Lerwick Port Authority and Shetland Amenity Trust have both received major funding boosts to the tune of a combined £637,000 in the latest round of EU funding.
The LPA will now press ahead with plans to expand harbour services to the north of the Greenhead Base, amid frenetic oil and gas activity in and around Shetland, including the creation of three separate “lay down” sites.
It is hoped the new area will be completed by the middle of next year, with local construction firm Tulloch Developments – which has already completed some drainage and other preparatory work at the south end of the site – set to be awarded the contract.
In all the project will cost £1.3 million, with confirmation on Monday that £515,315 will come from the European Regional Development Fund (ERDF). The remainder will be funded as part of the LPA’s own capital programme.
The energy boom has ensured all of the LPA’s existing facilities are occupied. Its chief executive Sandra Laurenson said she was “really pleased” the application had been successful, providing 40 per cent of the project cost.
“We’ve used most of our industrial land, and this will be used to support a range of energy projects,” she said. “We’ve got no unoccupied lay down at the moment – everything’s full, so this has come at a very welcome time. We’ll get this created over the winter, and ready to meet next year’s offshore projects.”
Meanwhile, the LPA has agreed a deal with Scottish and Southern Energy (SSE) to sell them the land for the 12-hectare new power station at Rova Head. In turn, SSE will offer the LPA the chance to acquire the land which houses the existing power plant at Gremista.
One of the three new lay down sites is likely to be let to SSE during construction of the new power station. The other two sites will be made available for short and long term use, primarily with prospective oil and gas company use in mind.
While the new power station may be complete by late 2016, it is likely to be nearer the end of the decade before the old one has been fully decommissioned. Ms Laurenson said the land “does lend itself, because of the foreshore, to expanding seaward once we have control of that”.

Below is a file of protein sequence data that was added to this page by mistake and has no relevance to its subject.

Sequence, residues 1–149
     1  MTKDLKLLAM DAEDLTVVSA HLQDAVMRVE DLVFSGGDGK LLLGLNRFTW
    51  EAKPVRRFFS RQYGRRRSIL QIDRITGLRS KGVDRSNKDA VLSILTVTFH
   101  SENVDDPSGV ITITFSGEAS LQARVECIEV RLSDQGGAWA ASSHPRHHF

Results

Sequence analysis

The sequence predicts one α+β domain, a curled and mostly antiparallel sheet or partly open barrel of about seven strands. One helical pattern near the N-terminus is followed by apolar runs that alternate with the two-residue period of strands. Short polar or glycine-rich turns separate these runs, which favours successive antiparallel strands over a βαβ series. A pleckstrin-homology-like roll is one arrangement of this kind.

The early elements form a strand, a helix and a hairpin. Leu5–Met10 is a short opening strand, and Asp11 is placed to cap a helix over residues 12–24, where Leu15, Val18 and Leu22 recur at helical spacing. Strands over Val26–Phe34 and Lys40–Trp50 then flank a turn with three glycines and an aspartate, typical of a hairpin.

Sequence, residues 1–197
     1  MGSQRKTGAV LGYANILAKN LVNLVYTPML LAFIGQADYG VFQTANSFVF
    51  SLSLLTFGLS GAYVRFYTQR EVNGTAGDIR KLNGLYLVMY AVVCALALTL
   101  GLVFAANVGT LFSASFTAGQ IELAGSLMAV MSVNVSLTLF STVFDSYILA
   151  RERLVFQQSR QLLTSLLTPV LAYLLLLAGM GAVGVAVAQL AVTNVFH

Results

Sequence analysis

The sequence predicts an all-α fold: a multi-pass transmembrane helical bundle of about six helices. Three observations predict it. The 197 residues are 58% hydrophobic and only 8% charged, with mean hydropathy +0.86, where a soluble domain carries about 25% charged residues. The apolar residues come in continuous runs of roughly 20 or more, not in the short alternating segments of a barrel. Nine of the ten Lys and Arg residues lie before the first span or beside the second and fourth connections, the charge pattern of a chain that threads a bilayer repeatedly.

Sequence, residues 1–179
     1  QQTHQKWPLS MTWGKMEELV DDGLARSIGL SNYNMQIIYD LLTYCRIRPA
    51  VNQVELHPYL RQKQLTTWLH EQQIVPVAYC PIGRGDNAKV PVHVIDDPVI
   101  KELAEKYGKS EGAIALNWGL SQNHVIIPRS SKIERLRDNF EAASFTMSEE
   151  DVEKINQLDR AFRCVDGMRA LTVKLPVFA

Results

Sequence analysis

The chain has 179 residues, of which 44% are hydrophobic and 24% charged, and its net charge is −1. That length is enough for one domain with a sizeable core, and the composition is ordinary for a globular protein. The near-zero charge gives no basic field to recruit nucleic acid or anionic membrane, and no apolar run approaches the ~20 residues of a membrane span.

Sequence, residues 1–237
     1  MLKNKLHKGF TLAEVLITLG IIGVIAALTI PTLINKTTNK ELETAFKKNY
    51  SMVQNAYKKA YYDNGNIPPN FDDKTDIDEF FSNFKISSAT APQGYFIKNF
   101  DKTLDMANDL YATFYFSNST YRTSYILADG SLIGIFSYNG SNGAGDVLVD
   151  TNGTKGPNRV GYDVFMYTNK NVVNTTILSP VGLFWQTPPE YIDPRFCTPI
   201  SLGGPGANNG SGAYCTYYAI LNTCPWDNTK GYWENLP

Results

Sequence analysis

The amenity trust’s efforts to protect the isles’ seafaring heritage have also received a fillip in the form of a £121,880 towards its Shetland Boat Building Centre project.
Planning permission has been granted for the trust to build a shed at the Staney Hill where its sizeable collection of boats can be stored, maintained and hopefully expanded.
It is hoped work on the £300,000 project can begin early in 2014 and be completed by the summer. Delighted trust general manager Jimmy Moncrieff said it was something “we’ve been looking at for ages, and it’s taken an awful lot of time to get funding and acquire land”.
In recent years the trust has had to refuse donations of boats because it had nowhere suitable to keep them.
“It’s obviously fantastic news,” Mr Moncrieff said. “It’ll mean that the project will go ahead. It’s to store historic Shetland boats – an awful lot of them have been mouldering away, and they don’t last long. We’ve not been able to accept any boats for years now.
“It’s a place that keeps them safe, pending any restoration, but also there’ll be a workshop there – linking in with putting together a boat-building apprentice scheme [so we can] pass on the boat-building experience to future generations.”
In all, more than 40 projects throughout Scotland are benefiting from ERDF investment totalling £20 million, the Scottish Government announced on Monday.